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April 14, 2012
Yeldon named A-Day MVP
TUSCALOOSA | Spring is the time when things bloom. T.J. Yeldon has only been on campus at the University of Alabama for about three months, but the freshman from Daphne certainly grasps that concept.
The 6-foot-2, 216-pound running back showed an A-Day crowd of 78,526 on Saturday that he has the ability to blossom into something special, winning the Dixie Howell Most Valuable Player Award by running for 88 yards and adding 91 receiving yards and a touchdown in his Crimson Tide debut.
Playing for the White team - with the second-team offense against the Crimson squad's second-string defense - Yeldon showed the power to run between the tackles and the speed to burst to the edges. He averaged 5.5 yards per carry, with a long run of 20 yards, and shook off a tackle to turn a short pass into a 50-yard touchdown.
UA coach Nick Saban was not surprised.
"T.J. did a good job in all the scrimmages, and he was the difference in the game for his team, and made a lot of good plays today and had a lot of production," Saban said.
Yeldon arrived at Alabama with state Mr. Football credentials and was the Alabama team's Most Valuable Player in the Alabama-Mississippi all-star game. He committed to Auburn and switched to UA last December, late in the recruiting process. He graduated early from Daphne High School and enrolled at Alabama in January.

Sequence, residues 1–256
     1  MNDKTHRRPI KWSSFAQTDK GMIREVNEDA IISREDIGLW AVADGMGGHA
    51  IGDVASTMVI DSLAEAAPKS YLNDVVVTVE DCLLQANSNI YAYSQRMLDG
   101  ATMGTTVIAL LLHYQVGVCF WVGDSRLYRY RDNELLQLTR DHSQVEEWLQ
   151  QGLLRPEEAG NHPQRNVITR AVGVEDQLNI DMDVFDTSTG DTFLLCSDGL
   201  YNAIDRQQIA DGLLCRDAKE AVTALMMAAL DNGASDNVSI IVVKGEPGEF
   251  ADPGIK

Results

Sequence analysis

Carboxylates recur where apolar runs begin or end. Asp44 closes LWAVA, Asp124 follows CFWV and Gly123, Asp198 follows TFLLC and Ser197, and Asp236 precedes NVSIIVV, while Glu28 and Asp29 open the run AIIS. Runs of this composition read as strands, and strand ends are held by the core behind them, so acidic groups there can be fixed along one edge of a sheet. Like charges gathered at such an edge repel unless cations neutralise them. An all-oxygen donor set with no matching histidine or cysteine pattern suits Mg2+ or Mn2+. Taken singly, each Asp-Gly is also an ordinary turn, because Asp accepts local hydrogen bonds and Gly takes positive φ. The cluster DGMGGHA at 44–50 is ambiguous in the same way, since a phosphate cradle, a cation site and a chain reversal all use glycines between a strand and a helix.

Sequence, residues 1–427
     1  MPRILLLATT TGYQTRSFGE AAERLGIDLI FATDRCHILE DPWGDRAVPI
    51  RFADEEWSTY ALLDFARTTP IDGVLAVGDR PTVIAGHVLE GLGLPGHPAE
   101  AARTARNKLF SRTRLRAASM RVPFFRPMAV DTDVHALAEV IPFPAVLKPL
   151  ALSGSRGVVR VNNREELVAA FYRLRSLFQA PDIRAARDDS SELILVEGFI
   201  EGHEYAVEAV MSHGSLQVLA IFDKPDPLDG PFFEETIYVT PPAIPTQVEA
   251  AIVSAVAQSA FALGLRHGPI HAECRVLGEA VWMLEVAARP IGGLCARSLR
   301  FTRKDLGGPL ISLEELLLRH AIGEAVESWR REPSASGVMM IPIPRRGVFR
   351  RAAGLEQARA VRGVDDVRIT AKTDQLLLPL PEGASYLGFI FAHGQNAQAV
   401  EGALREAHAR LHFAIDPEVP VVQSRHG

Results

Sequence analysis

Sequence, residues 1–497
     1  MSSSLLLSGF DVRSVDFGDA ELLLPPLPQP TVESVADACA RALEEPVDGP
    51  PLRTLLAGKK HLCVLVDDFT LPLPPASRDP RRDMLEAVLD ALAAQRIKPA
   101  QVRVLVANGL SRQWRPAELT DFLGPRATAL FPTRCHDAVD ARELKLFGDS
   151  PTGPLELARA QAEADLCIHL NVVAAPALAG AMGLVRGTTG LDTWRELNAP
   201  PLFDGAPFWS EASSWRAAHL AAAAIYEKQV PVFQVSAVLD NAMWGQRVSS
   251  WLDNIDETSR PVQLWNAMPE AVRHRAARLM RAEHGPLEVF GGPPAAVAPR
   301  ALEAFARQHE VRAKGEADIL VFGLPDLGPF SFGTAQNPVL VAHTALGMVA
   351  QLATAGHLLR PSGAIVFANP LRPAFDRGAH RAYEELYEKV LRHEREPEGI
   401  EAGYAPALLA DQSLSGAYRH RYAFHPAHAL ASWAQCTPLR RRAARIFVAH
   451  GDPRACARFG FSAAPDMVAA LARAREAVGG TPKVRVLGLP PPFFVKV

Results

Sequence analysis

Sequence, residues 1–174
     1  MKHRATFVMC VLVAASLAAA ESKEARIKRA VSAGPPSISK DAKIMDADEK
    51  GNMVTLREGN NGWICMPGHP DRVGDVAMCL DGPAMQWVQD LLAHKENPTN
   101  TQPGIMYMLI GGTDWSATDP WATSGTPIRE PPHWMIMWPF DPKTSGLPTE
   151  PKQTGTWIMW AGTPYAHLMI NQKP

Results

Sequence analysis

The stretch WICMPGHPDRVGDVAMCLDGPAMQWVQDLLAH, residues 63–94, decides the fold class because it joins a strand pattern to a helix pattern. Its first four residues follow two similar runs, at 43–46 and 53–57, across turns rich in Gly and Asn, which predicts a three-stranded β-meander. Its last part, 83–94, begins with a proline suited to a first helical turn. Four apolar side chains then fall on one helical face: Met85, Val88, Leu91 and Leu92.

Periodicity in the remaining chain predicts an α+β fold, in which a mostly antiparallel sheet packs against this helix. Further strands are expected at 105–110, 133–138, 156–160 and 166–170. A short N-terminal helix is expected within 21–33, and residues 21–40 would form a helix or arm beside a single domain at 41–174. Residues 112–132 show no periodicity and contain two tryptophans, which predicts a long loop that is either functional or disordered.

It didn't take him long to make an impression once spring practice started.
UA media rules prohibit Yeldon from talking to the press until he's been on campus for a year, but his teammates speak loudly in his favor.
"He's a hard runner, a very smart running back," quarterback AJ McCarron said.
Added safety Vinnie Sunseri, "He's just so powerful and strong. He showed that he has a little bit of quickness, too, getting out in front of everybody."
Barrett Jones, Alabama's senior offensive lineman, has seen guys such as Heisman Trophy winner Mark Ingram and Doak Walker Award winner Trent Richardson develop into big-time running backs. He likes what he sees in Yeldon.
"He's good," Jones said. "He's definitely very, very talented, and we have high hopes for him."
Where Yeldon will fit into Alabama's running rotation in the fall will depend in some part on the continuing recovery of Eddie Lacy, who spent the last two seasons as the understudy to Ingram and Richardson. Lacy had surgery after the season after hobbling through 2011 with a turf toe condition, and sat out the A-Day Game.
Saban was pleased to see Yeldon emerge in the spring game and has plans for the running back.
"I think that's important for us because we needed somebody like that," Saban said. "T.J. is one of those guys who can do everything - he's a good runner, he's got some power, he's got some speed, he's a really good receiver. Hopefully, he'll continue to mature and have a pretty significant role in helping our offense next year."
For all his promise, Yeldon is still just a freshman. And this performance was in a spring game, not in a real game.
"You can play this ball, but it's different when the lights come on and you play LSU or South Carolina, whoever we've got," McCarron said, "but we're definitely going to get the chance to see him."
Reach Tommy Deas at firstname.lastname@example.org or at 205-722-0224.